Her devotion to the cause of Kuwait won her an invitation to return to Kuwait on the Kuwaiti government sponsored "FREEDOM FLIGHT." Staying a month in the ravaged country, she joined joyful Kuwaitis celebrating their hard-won freedom, even as she mourned with the Kuwaitis who had lost loved ones. Never forgetting what she had seen, over the years she continued her writings and concern about the missing Kuwaitis lost to the Iraqi prison system, despite the many efforts made by Kuwaiti royals as well as ordinary Kuwaiti citizens to gain their freedom.

Her care for the people of the Middle East continued, taking her to unusual stories. In 1998 she requested an invitation from Saddam Hussein to visit Iraq. Although she was the author of the book that had greatly displeased Saddam (The Rape of Kuwait) she received a personal invite from the Iraqi dictator. Traveling to Iraq alone and without protection, she saw for herself the privations being suffered by those most vulnerable: the women and children; deprivations at the hands of Saddam Hussein. While in Iraq, she was assigned a woman from one of the leading families of Iraq as her translator, Mayada Al-Askari. Her bestselling book, Mayada, Daughter of Iraq was a result of that trip.

Living in Atlanta, Georgia, Jean wrote book after book, until today she is the author of 12 published books. One of the most successful was the Princess Trilogy, a series of books about her friend, Princess Sultana al-Sa'ud, which was named as one of the most important books written in the past eight-hundred years by a woman. The books have sold millions of copies worldwide.

Jean's books have won a number of awards. The Mohammed bin Rashid Al Maktoum Foundation, an organization in Dubai which promotes and recognizes cross-cultural understanding, chose Jean's critically acclaimed book Ester's Child as a book that best promotes world peace.

Jean is the author of Love in a Torn Land, the true story of a Kurdish/Arab woman who joined her freedom fighting Kurdish husband in the mountains of Northern Iraq. After being gassed and temporarily blinded, the Kurdish heroine made her way out of Iraq into Iran. After Jean was contacted by Omar Bin Laden, the 4th born and well-loved son of his father, she wrote the story of Omar and his mother and their life with Osama Bin Laden, titled: Growing up Bin Laden, a critically acclaimed book. She later wrote For the Love of a Son, the true story of an Afghan woman who lost her young child to an abusive husband, and spent many long years searching for her son.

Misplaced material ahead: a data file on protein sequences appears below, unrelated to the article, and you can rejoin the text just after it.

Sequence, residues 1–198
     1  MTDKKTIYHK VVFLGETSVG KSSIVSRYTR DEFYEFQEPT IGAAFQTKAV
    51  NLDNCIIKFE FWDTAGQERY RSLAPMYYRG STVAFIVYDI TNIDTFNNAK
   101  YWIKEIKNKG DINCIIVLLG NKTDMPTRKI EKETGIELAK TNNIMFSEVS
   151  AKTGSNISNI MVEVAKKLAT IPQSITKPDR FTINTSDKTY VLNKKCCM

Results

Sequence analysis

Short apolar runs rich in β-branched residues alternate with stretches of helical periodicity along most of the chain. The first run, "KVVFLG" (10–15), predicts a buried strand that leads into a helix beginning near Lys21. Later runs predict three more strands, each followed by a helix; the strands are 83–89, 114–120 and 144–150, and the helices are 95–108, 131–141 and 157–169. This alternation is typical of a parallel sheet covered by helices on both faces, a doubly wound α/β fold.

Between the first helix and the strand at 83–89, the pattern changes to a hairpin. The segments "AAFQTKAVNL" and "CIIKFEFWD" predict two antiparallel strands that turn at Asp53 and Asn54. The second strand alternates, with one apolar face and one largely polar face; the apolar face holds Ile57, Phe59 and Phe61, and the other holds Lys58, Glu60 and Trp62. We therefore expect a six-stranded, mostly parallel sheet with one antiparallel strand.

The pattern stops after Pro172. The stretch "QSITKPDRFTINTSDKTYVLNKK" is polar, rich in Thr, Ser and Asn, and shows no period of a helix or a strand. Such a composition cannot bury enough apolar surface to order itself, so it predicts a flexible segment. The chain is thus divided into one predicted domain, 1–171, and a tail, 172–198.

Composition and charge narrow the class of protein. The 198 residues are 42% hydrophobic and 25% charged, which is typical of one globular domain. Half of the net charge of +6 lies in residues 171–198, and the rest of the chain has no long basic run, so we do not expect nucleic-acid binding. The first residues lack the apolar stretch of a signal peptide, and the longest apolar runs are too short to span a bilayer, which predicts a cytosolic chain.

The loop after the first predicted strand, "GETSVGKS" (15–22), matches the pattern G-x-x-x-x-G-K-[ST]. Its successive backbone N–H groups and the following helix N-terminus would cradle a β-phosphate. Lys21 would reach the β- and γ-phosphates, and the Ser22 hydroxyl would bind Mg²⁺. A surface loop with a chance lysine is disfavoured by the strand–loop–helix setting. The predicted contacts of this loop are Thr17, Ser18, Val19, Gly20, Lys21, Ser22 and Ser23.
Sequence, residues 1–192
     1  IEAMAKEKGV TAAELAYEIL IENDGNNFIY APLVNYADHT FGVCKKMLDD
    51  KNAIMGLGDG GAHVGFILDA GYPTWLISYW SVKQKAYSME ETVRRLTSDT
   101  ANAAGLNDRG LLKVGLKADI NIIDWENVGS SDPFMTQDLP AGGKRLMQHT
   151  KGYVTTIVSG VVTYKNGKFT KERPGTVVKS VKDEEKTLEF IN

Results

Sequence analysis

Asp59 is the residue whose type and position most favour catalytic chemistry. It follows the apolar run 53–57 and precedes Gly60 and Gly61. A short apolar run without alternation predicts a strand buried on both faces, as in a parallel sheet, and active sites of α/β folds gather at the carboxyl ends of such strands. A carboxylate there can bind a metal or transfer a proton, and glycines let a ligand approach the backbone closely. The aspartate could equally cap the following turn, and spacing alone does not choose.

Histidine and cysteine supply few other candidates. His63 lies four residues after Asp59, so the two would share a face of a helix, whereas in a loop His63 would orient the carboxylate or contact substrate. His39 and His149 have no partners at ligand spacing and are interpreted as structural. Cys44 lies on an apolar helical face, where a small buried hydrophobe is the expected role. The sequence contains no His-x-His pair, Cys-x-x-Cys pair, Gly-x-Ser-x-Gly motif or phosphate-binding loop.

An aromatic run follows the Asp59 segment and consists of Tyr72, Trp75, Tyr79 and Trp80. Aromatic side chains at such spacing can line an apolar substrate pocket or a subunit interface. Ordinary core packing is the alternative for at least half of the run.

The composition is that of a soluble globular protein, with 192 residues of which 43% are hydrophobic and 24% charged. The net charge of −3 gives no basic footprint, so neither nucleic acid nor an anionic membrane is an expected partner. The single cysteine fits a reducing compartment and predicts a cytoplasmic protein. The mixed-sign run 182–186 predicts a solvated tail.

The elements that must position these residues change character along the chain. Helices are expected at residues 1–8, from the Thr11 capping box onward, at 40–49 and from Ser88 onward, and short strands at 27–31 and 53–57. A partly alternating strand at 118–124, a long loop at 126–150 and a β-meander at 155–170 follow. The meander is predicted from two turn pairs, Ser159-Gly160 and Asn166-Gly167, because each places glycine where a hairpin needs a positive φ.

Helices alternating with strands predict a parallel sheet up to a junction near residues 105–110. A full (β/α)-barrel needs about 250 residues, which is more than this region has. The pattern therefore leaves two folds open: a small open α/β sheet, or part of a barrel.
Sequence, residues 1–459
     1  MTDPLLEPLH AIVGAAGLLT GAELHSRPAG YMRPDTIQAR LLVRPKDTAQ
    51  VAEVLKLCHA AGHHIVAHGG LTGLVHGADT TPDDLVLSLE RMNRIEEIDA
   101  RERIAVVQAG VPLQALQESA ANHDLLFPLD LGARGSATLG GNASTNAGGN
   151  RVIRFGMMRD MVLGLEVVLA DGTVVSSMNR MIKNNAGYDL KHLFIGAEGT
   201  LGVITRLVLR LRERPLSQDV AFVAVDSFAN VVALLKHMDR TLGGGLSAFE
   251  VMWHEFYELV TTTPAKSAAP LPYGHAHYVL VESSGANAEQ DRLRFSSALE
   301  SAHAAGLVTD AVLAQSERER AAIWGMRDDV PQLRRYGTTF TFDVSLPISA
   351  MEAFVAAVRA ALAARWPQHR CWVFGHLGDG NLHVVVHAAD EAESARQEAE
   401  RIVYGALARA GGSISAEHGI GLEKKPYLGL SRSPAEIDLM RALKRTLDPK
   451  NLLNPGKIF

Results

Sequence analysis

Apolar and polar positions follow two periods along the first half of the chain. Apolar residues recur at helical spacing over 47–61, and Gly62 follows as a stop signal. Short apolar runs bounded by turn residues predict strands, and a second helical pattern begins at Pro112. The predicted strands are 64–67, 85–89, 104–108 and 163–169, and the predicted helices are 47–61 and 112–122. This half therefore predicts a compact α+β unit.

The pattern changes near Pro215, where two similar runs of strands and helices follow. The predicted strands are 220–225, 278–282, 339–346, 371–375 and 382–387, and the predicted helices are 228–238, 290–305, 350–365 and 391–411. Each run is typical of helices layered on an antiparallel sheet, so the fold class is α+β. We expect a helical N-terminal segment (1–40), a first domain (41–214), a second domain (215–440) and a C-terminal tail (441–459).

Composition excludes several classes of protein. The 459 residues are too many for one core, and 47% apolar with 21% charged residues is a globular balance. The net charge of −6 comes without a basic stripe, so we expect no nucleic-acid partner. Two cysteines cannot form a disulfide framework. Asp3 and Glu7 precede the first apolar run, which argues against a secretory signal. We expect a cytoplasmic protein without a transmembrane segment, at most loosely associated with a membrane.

Jean returned to the topic of the Iraqi invasion and occupation of Kuwait with Yasmeena's Choice: A True Story of war, rape, courage and survival, telling the painful story of a Lebanese visitor to Kuwait who was trapped in the country after the invasion. The woman was kidnapped and held in a special prison housing innocent women to be brutally raped.

Jean wrote and published a small tome, American Chick in Saudi Arabia, telling a few stories about her first two years in Saudi Arabia, in regard to the Saudi women she met. Jean plans on finishing this memoir for publication within the next two years.

Jean recently finished her 4th book on Princess Sultana, titled Princess: More Tears to Cry, to be published August 28, 2014.

The list of Jean's best-selling published books:

The Rape of Kuwait (1991)
Princess: A True Story of Life Behind the Veil in Saudi Arabia (1992, updated in 2013)
Princess Sultana's Daughters (This book is titled Daughters of Arabia in the UK.)
Princess Sultana's Circle (This book is titled Desert Royal in the UK.)
Ester's Child (2001) (To be released in an updated paperback copy in 2016.)
Mayada, Daughter of Iraq (2003)
Love in a Torn Land: Joanna of Kurdistan (2007)
Growing Up bin Laden: Osama's wife and son take us inside their secret world (2009)
For the Love of a Son: an Afghan woman's quest for her stolen child (2010)
American Chick in Saudi Arabia (A sample of her memoir not yet completed. MEMOIR should be completed and published in 2016/2017)
Yasmeena's Choice: A True Story of War, Rape, Courage & Survival (2013)
Princess: More Tears to Cry (2014)

TO BE RELEASED OCTOBER 2015: The fifth in the Princess Sultana Series, titled: PRINCESS, SECRETS TO SHARE.

Early publisher readers have said that this is the best in the series since PRINCESS, the original book telling the true story of Princess Sultana Al-Saud. I hope you get to read it.